NEW PALESTINE — Matthew Carter put a small bottle of mouthwash into a bag already containing tiny shampoo bottles, tooth brushes, soap and more, then zipped it shut.

He gently stacked it with dozens of other similar bags of personal hygiene products.

The New Palestine High School freshman was one of hundreds of people who gathered at Brookville Road Community Church recently to fill more than 1,000 appreciation and care bags for organizations in Hancock County as well as Morristown and Indianapolis.

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“This is pretty fun,” Carter said. “It’s good helping people out — I really enjoy it.”

This time of year the church missions board usually conducts a banquet to discuss philanthropic programs, but instead this year it created Missions in Motion, through which the congregation could be involved with a local mission project.

Missions in Motion was designed to collect, pack and hand out more than 400 appreciation bags to police officers and firefighters, as well as care packages to local organizations that serve people in need, including the homeless.

“This is a family-oriented event where the kids can participate in missions rather than us taking them on a trip somewhere,” Mike Roney, a missions board member, said.

The idea is to help young churchgoers understand the need to help others and show appreciation to law enforcement officials and firefighters, people who put their lives on the line daily in service to the community.

The church’s main worship center was set up like an assembly line where hundreds of church members moved throughout, selecting items, packing the bags and getting them ready to give out.

They also had a separate room designated to make birthday bags for those in need.

More than a dozen gathered in a different area of the church for a prayer circle to help bless the work and the people receiving the gifts.

Area firefighters and law enforcement officers received appreciation bags containing gift cards, thank you notes and coupons.

Hancock County Food Pantry received 120 birthday bags containing cake mixes, cooking pans, icing, food for a birthday meal and a birthday present, as well as bags of personal hygiene products that can be provided to those in need. Eighty birthday bags went to Yeshua Society, an inner-city Indianapolis church plant.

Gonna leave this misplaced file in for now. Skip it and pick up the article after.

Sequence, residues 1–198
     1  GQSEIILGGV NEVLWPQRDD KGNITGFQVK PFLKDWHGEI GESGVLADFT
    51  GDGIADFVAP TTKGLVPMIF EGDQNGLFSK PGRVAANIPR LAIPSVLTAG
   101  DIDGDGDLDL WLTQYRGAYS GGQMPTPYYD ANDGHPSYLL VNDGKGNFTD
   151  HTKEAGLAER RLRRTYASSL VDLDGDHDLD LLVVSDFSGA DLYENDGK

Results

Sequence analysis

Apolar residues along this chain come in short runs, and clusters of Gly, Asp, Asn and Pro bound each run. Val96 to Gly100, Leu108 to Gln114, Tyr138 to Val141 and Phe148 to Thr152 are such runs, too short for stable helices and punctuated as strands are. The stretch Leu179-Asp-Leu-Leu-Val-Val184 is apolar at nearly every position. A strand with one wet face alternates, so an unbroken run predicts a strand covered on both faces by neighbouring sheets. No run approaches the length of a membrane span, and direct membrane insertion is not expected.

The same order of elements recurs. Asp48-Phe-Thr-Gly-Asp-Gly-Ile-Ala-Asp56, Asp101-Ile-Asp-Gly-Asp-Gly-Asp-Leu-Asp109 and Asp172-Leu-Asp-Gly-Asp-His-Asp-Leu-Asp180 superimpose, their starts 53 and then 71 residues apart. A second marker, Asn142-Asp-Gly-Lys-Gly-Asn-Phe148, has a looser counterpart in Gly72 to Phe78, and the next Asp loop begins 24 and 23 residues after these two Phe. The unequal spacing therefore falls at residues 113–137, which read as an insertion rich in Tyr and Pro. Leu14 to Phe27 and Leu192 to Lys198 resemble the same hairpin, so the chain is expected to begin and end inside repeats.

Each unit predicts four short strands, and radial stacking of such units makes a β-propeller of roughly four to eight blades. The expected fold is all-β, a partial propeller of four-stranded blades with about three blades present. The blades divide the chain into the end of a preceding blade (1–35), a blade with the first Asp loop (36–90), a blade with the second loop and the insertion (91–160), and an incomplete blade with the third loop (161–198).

The new Hope Center of Indianapolis, located at the eastern edge of Marion County and founded by former church pastor Hubert Nolen, received some of the 400 Hope Bags packed with hygiene products. A portion of these bags also went to Yeshua Society.

The center will work with women who are rebuilding their lives after escaping human trafficking situations.

Officials said any leftover bags and supplies would go to Wheeler Mission in Indianapolis.

The church previously participated in 16 missions groups that serve people nationally and internationally; Missions in Motion joins that list.

The plan was created to strike a balance between sending money and people overseas and dealing with issues at home.

“We want people to see the needs we have in our own backyards,” youth pastor Paul Romoser said.

The missions board started planning the Missions in Motion event six months ago, and thanks to generous donations, it was able to collect the needed gifts, food, presents and products within a couple of months.

“The community involvement was huge for this,” event organizer Missy Shadday said.

The group also planned to pack at least 100 bags people of the church could pass out to homeless people they encounter in their daily lives.

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Kristy Deer is a reporter at the Greenfield Daily Reporter. She can be reached at 317-477-3262 or